Hardin Burns: DOWN THE DEEP WELL

I can’t stop listening to Down the Deep Well by Hardin Burns. It simmers, it sizzles, it dives deep under the skin as only the best music does. Hardin Burns finds the sweet spot where folk, country, rockabilly, jazz, and Latin stylings meet. Jeannie Burn’s expressive vocals recall the throb of Dusty Springfield and the grit of Lucinda Williams; Hardin plays with the virtuosity of Eric Clapton and the ease and sensibility of JJ Cale—just listen to “Ache,” “Wave of Your Hand,” and “Gentle Rain.” Together, these two powerhouses create original songs so rich with arresting harmonies, lyrics, and arrangements they’re destined to be classics. Warning: One listen, and you’ll be hooked.

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Tom Russell, “Love and Fear”

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On “Old Heart”, Texas singer-songwriter Tom Russell exhorts himself to “get out of bed”. But however weary of life his persona may be, one thing is certain from his 13th release: Russell the artist is as strong as ever. He’s mastered the skill of spinning mundane details into universal gold, and his melodies deliver a knockout punch. The all-original songs on Love and Fear grapple with despair, hope, and “all you little devils of alcohol and caffeine” (from “The Pugilist is 59). Searing electric lead guitar (by Andrew Hardin) gives the rootsy sound a raw edge, while Gretchen Peters (vocals), Gurf Murlix (bass and slide guitar), Fats Kaplan (steel guitar), Barry Walsh (keyboards), and Rick Richards (drums), among others, contribute to the vibrant and nicely blended textures. Russell uses his deep baritone to chilling effect, taking it down to a ghostly whisper on “Beautiful Trouble” and dramatically intoning spoken lyrics against the rousing rockabilly beat of “Four-Chambered Heart”. Throughout, Hardin is Russell’s ace in the hole; his acoustic picking shades the haunting beauty of the ballads (particularly “K.C. Violin”) with mediative, jazz-influenced lines and single notes that ring with bell-like clarity, underscoring the bittersweet wisdom that Russell imparts on one of his finest CDs to date.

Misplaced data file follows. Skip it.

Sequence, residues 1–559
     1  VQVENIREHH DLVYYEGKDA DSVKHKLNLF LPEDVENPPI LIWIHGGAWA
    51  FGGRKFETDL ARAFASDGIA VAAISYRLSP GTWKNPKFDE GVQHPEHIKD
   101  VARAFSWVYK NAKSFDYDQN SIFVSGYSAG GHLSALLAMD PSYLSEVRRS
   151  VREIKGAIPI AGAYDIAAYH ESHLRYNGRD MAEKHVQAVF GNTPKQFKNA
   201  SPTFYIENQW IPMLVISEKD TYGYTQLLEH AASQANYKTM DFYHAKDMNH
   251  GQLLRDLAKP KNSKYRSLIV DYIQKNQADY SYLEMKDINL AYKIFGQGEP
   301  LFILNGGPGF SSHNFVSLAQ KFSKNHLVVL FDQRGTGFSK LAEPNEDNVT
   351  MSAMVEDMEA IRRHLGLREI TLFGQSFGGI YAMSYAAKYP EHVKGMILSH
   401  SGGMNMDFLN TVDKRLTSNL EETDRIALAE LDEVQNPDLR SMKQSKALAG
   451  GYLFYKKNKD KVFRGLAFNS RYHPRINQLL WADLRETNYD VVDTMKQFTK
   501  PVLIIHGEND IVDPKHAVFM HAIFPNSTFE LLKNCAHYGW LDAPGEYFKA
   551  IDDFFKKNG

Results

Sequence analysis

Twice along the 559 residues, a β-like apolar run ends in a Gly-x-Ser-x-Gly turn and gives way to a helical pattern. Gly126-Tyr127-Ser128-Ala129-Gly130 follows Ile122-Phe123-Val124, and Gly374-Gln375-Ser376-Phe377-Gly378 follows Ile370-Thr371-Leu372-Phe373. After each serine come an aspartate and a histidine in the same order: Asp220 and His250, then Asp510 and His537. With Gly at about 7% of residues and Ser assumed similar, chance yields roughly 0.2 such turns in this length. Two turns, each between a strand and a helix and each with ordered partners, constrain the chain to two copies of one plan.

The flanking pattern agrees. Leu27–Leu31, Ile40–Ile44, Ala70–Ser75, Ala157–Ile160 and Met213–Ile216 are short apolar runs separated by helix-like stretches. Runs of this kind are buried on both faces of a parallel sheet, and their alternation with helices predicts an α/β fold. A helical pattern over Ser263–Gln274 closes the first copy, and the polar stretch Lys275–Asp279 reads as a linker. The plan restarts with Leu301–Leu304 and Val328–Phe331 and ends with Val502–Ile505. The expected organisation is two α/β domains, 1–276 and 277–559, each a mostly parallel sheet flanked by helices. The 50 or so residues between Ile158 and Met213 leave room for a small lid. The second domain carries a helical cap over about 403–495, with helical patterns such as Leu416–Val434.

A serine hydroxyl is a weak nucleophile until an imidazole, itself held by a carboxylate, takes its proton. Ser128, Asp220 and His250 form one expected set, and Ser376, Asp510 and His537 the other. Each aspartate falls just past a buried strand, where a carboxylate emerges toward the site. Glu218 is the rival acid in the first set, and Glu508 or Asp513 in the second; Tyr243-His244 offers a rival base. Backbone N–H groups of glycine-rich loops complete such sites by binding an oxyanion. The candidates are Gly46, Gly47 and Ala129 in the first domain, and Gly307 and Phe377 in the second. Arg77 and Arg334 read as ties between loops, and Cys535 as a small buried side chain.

(High Tone, http://www.hightone.com)

Acoustic Guitar, July 2006

I Am the Resurrection: A Tribute to John Fahey

Various Artists

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The late John Fahey, father of “American primitive guitar”, incorporated elements of blues, Native American sounds, Indian ragas, and other rootsy music sounds into his playing, influencing not only a generation of fingerpickers but countless players from other genres as well. His special legacy is reflected in these 13 interpretations of his instrumental by artists from across the musical spectrum, including such unlikely candidates as Calexico and the electric collaborative Immerglück, Kaphan, Krummenacher & Hanes. Peter Case’s version of “When the Catfish Is in Bloom” is probably the most Fahey-like of the tunes here, though Devendra Banhart, while wandering further afield on “Sligo River”, still captures the original’s brooding vibe. Elsewhere, Sonic Youth guitarist Lee Ranaldo uses street sounds to evoke late-period Fahey on “The Singing Bridge of Memphis, Brooklyn Bridge Version: The Coelcanth”. The differences in these artists matters less than what unites them: a willingness to experiment that Fahey, as much as anyone would have approved of.

Guitar World Acoustic

Various Artists, “Tone Poets”

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What a concept! For the last extension of his Tone Poems project, DAvid Grisman conjured the idea of taking a 1933 OM-45, one of the most sought-after Martin guitars, and a 1922 Gibson Loar F-5, one of the most imitated mandolin designs in the world, and exploring how the same instrument sounds in different hands. On one disc of solos and another of duets, 42 acoustic masters—including Sam Bush, John Jorgenson, Del McCoury, Tim O’brien, Tony Rice, Bryan Sutton, and Grisman—indulge in a buffet of styles and techniques, from Bach counterpoint to bluegrass picking and Gypsy jazz. The Gibson is bright and plunkety under Mike Marshall’s fingers, rough and prickly under Mike Compton’s. On the Martin, Bon Brozman picks percussively over rumbling bass; Jerry Douglass sounds twangy yet warm, Jim Hursts vibrant yet mellow; Frank Vignola’s flashy runs ring clear, and Beppe Gambetta gets luscious tones from alternate tunings. The duets play up the contrasts between mandolin and guitar in a variety of styles, including a choro by Eva Scow and Carlos Oliveira, a jazzy blues by Joe Craven and Rob Ickes, and a contrapuntal dance by Chris Thile and Mike Marshall. In the end, this sonic experiment proves that players, even more than instruments, account for ultimate uniqueness in musical sound.

(Acoustic Disc, http://www.acousticdisc.com)

Acoustic Guitar, January 2006